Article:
Authorities broke up or prevented planned protests on multiple occasions in 2022, both before and after the August elections. In April, for example, police in the capital disrupted a protest calling for free and fair elections and the release of political prisoners, arresting 22 people for disobeying police orders. Two organizers were convicted and made to pay fines, but the rest were acquitted.
In September, police prevented a demonstration against election fraud on the outskirts of Luanda and arrested three people after they were interviewed by reporters at the scene. Several others were detained or chased away by officers as they passed by. There were also reports that civic activists had been arrested at their homes. The army and police generally maintained a heavy and visible security presence on the streets in the wake of the August elections, contributing to a climate of fear that may have further deterred assembly.
|Is there freedom for nongovernmental organizations, particularly those that are engaged in human rights– and governance-related work?||1.001 4.004|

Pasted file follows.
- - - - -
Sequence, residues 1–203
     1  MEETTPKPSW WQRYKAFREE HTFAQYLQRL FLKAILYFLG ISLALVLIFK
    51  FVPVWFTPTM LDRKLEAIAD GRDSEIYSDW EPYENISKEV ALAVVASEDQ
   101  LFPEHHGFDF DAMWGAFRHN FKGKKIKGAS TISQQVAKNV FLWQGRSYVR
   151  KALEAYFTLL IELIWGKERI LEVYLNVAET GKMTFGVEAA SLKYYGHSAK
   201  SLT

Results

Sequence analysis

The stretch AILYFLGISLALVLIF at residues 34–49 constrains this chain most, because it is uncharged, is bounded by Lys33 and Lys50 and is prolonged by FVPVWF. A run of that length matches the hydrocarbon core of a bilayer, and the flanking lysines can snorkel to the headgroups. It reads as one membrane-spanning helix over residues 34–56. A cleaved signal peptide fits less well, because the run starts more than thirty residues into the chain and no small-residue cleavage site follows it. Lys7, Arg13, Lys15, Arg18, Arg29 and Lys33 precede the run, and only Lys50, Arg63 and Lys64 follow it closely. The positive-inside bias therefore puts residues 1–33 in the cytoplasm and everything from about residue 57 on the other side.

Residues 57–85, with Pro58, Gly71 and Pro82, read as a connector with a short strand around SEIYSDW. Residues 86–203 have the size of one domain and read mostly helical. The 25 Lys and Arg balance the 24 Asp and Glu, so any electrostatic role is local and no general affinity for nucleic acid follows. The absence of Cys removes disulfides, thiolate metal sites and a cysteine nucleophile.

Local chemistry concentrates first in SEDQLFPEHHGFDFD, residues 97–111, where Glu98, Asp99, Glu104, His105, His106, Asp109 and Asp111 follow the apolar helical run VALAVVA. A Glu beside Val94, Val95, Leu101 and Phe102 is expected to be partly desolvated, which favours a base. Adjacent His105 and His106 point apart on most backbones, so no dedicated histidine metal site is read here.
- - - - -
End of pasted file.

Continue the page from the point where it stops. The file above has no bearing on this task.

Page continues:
Nongovernmental organizations (NGOs) that work on human rights and governance issues are closely monitored. The MPLA has historically made vocal attempts to discredit their work and sometimes threatened such groups with lawsuits and outright closure, prompting many to curtail their activities.
Ahead of the August 2022 elections, authorities worked to prevent planned civil society meetings from taking place. In May, for example, police physically blocked two NGOs from hosting a conference on peacebuilding. In September, authorities announced the arrest of 12 civic activists for “financing and promoting the dissemination” of videos on social media to “sow insecurity, hatred, and panic among the population.” They were released without charge after several days of detention.
Two prominent activists who were arrested in January remained in detention at year’s end. Luther Campos was arrested for promoting a socioeconomic protest by taxi drivers and was still awaiting trial as of December. Gilson da Silva Moreira was then arrested after attempting to publicize the harsh conditions of Campos’s confinement; he received a suspended prison sentence of one year and three months in October, but he continued to be held pending an appeal.
Score Change: The score declined from 2 to 1 because authorities disrupted civil society events and arrested activists to suppress dissent ahead of national elections.
|Is there freedom for trade unions and similar professional or labor organizations?||1.001 4.004|
Certain employees who provide services considered essential—including prison guards and firefighters, but also workers in the oil sector—may not legally strike. Unions not associated with the MPLA have faced interference and harassment.